A Veggie to Plant for Heart Health

18 Apr


It’s gardening season and it’s one of my favorite times of year.  It’s a proven way to get your kids to eat more fruits and vegetables, but an important point is to first get them involved in gardening.  And as a mom to two kids, I am constantly trying to come up with new ways to encourage my kids to eat more fruits and vegetables through gardening. My kids each have their own likes and dislikes and each with a different willingness to try new things.  But a way to expand their likes and dislikes is to get them in the garden.  Here are some ways to start:

  • Grow a garden together.  My kids get excited about gardening because I get excited about gardening.  Kids will learn more from what you do than what you say to do.  And if you “do” gardening, they are going to want to do that with you too.  It’s never too late or early to start with your kids.  When my own kids were one year old, they were outside with me and as they grew, they wanted to be in the garden with me.  I still have a picture of my daughter “planting” her favorite vegetable in the garden at two years old. 
  • Design your garden together.  What are your kids into?  Legos, paper and crayons, cutting and designing with paper, or even computer games?  All of those methods can be used to design a garden.  The key is to find what they are interested in and use that as a platform to work together.  If you want to see how my kids used Legos to design our garden, I recently wrote about it on my blog.  Also, go to your local library and find kid-friendly gardening books with pictures.  One of my favorites is the American Grown book by First Lady Michelle Obama.  Using visuals can be very inspiring to anyone, especially children.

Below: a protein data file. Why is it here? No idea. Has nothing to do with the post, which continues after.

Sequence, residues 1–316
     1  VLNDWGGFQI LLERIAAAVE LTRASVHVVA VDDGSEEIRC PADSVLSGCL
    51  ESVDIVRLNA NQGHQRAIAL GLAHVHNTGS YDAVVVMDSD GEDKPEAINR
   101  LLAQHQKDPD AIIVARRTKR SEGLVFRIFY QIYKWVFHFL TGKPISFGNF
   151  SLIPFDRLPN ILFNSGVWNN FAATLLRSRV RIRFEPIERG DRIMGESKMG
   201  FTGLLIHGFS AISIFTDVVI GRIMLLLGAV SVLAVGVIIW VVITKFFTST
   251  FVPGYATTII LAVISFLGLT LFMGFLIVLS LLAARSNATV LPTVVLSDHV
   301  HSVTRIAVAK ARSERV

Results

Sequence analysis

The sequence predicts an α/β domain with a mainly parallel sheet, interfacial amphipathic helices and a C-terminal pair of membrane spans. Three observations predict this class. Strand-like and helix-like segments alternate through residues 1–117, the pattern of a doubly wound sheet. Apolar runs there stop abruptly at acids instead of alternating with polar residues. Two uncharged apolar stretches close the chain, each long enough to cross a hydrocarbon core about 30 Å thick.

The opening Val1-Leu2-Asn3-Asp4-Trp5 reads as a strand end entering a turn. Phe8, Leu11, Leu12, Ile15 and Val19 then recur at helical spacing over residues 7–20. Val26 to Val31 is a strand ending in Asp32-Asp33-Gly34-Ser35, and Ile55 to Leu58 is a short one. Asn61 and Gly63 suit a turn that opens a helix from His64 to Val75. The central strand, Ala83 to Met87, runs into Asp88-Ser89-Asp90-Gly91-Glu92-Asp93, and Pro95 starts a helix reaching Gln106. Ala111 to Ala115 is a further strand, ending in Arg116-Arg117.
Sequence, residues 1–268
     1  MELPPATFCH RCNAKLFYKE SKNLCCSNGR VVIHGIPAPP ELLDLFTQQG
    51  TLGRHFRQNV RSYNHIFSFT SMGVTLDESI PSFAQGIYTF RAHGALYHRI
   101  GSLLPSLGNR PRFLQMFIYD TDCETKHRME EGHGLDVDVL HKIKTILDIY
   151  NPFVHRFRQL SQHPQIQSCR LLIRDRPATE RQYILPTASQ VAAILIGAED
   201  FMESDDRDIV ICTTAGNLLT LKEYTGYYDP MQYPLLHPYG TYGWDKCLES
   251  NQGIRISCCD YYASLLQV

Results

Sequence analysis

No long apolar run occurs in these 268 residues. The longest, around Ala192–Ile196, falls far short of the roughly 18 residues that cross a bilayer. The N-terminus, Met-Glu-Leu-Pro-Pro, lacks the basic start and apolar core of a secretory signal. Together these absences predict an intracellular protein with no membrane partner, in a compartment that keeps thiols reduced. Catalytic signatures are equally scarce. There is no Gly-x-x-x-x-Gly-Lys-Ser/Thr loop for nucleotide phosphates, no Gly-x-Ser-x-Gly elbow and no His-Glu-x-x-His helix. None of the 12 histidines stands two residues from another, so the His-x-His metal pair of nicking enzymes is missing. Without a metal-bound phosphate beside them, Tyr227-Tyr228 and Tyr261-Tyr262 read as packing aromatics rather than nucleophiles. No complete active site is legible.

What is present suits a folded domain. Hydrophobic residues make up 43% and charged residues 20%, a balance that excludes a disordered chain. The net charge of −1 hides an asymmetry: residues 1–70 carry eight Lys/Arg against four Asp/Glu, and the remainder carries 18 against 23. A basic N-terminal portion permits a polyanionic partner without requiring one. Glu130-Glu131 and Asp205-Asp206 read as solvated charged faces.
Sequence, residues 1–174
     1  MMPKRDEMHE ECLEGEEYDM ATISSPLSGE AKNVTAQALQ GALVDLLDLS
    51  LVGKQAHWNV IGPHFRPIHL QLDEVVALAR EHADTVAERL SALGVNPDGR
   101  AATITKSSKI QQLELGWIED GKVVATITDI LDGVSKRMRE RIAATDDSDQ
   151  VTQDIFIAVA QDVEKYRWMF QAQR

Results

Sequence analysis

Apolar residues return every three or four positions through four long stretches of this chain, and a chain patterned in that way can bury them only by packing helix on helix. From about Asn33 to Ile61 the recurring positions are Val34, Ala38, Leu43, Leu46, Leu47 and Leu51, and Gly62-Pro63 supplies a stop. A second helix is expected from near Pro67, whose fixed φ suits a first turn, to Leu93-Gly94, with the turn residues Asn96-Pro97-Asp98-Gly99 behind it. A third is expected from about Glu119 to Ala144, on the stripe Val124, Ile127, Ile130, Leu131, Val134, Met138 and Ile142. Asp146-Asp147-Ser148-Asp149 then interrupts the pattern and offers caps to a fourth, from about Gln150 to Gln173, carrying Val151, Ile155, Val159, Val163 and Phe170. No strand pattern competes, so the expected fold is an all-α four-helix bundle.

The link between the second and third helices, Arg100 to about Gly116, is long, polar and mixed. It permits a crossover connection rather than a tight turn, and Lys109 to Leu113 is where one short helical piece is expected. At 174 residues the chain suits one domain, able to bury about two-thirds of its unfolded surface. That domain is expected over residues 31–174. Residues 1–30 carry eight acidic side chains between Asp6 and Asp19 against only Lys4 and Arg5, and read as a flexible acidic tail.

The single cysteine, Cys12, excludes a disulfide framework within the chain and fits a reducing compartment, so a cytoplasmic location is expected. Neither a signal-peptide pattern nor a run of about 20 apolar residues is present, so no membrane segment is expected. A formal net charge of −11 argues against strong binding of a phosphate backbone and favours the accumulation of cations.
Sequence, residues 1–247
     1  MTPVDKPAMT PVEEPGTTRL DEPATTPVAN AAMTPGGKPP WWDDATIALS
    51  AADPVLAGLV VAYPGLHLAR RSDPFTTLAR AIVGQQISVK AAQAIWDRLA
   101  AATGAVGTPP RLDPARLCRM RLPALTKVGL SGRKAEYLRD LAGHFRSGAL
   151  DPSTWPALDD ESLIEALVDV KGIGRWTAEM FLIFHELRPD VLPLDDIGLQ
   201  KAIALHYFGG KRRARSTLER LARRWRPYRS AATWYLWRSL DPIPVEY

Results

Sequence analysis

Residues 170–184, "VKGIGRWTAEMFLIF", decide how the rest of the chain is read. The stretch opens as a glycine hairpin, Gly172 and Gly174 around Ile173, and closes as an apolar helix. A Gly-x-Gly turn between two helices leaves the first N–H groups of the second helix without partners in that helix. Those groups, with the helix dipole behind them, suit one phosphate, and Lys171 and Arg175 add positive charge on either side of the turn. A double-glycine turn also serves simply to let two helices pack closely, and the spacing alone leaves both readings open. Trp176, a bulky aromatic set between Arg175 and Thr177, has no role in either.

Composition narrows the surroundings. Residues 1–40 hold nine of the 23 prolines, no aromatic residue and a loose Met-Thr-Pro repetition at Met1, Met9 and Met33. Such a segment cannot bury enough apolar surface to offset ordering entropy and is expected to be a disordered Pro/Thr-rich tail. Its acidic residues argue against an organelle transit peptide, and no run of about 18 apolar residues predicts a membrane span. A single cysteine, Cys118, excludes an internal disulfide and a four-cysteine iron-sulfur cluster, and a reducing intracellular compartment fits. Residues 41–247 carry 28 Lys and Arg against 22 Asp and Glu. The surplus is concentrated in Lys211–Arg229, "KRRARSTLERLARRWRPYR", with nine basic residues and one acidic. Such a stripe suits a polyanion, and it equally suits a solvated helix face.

• How do you figure out what to grow?  You don’t need to start with a large garden, but when you are thinking about gardening, it’s a perfect time to take your kids with you to the local nursery and pick out seeds to grow together.  Start with foods they like to eat and grow ingredients from them, but also encourage them to try one new vegetable in the garden as an experiment.  And if they are old enough, let them come up with a plan for how to prepare it as a meal. 

One vegetable that has surprised my kids is Swiss chard.  It’s a dark, leafy green and a member of the beet family and it is packed with potassium for healthy hearts and blood pressure.  We have tried it in cheese quesadillas (just chop up the leaves and sprinkle over the cheese) as well Fruity Chardy Salad.  Both went over very well in our house – my kids were both amazed that they actually liked it!  But they would not have tried if we would not have planted it and we would not have planted it had I not suggested that we try a new vegetable in the garden.  It all starts with a little encouragement.

Fruity Chardy Salad

Estimated time: 15 minutes

Serves 4.


  • 6-8 Swiss chard leaves, torn
  • 8 fresh strawberries, sliced
  • 1/3 of a fresh cantaloupe, peeled and diced
  • 2 tablespoons raspberry vinaigrette                       

Make it:

  1. Layer chard, strawberries and cantaloupe cubes on four separate plates.    
  2. Drizzle salad dressing over the top of the salads.

Here are some ways to involve your child in cooking this recipe:

  • Slice strawberries with plastic knife.
  • Slice cantaloupe with plastic knife.
  • Wash chard and dry it.
  • Tear chard.
  • Tossing ingredients together.

What can you get out and grow with your family?


Jen Haugen, RD, LD

Registered Dietitian and Mom to Riley and Emma

Check out her blog at http://jenhaugenrd.wordpress.com


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